The software engineering craft changed tremendously in the last couple of years. Back in the days the classic geek developer would be graduate from at least Mathematics high school. Then graduated with Mathematics, Physics or Computer engineering university degree. And happily started coding without messing with too much people on a daily basis, just doing your coding magic and let the managers handle everything else. Which is great and despite those prerequisites were never a guarantee for a successful career, in most of the cases they were absolutely enough.
Well, things seems to change and programming is not anymore reserved for math geniuses, gamers, geeks or computer science graduates. With the new industrial revolution - the digital invasion which happened in the last 10+ years, information technologies became part of everyone's life. IT and programming as part of it, became one of the richest and most employee-seeking industries in the world. A lot of people got prequalified and started working as developers (or some sort of IT), coming from all sorts of technical or non-technical backgrounds. The emerging software academies, detecting both the high demand from the industry and the high prequalification rates, along with the overall seeking for rapid software development education without the university overhead, actually became one of the major boosters of this process which changes our industry.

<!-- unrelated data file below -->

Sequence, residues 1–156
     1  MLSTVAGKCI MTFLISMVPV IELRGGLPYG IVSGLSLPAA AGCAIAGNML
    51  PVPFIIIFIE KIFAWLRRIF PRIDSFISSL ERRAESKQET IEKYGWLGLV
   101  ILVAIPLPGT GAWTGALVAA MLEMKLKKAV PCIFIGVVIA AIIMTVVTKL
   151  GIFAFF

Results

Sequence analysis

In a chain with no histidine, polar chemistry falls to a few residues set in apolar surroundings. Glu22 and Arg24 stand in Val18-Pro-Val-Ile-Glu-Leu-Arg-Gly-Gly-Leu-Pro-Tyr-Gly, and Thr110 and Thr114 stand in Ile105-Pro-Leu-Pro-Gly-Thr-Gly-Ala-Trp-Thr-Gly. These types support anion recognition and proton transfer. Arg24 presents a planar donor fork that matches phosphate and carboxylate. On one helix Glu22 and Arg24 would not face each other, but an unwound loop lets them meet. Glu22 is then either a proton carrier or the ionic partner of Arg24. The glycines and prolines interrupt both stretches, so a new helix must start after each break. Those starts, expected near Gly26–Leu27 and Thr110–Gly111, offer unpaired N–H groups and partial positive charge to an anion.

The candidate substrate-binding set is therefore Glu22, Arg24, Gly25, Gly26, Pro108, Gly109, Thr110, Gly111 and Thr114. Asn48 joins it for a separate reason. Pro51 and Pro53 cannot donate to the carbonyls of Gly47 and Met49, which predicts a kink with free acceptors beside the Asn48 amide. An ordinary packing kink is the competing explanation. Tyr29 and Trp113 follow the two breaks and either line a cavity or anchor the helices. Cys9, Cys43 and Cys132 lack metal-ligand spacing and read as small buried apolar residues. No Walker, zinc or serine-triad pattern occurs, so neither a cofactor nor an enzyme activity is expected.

Developers are also not only coding machines anymore. In fact, coding is only part of our everyday duties. We are quality engineers, managers, team leaders, scrum masters, architects. We communicate with clients, with colleagues, with different stakeholders, with all sorts of technical and non-technical staff on a daily basis. We might be even all-in-one, if working as a contractor, in a small company or as a some sort of freelancer. With the new COVID-19 mini-revolution called Remote work, this type of all-in-one working becomes even more popular, transforming software engineers from coders to people with wide range of technical and non-technical (soft) skills.
Having all that in place, I would like to present you with couple non-technical abilities I believe every developer should possess at some level in order to work efficiently.
Team work and ability to cooperate
Being able to work in a team and cooperate efficiently with your colleagues is the first and most obvious soft skill for every software engineer. Yet, we all have met people which are simply "tough" to work with. Knowing-all rockstars, passive-aggressive guys which don't accept other's opinion, laterns unable to be interrupted at any cost striving to possess the conversation. Those are all definitions of a people no one wants to cooperate with. And no matter what you do, you will always have to cooperate with someone for getting your job done. Don't be an asshole, don't be the ghost. Communicate properly, listen to others people opinion and respect them, provide your part of the team work in the most efficient way.
Verbosity and ability to express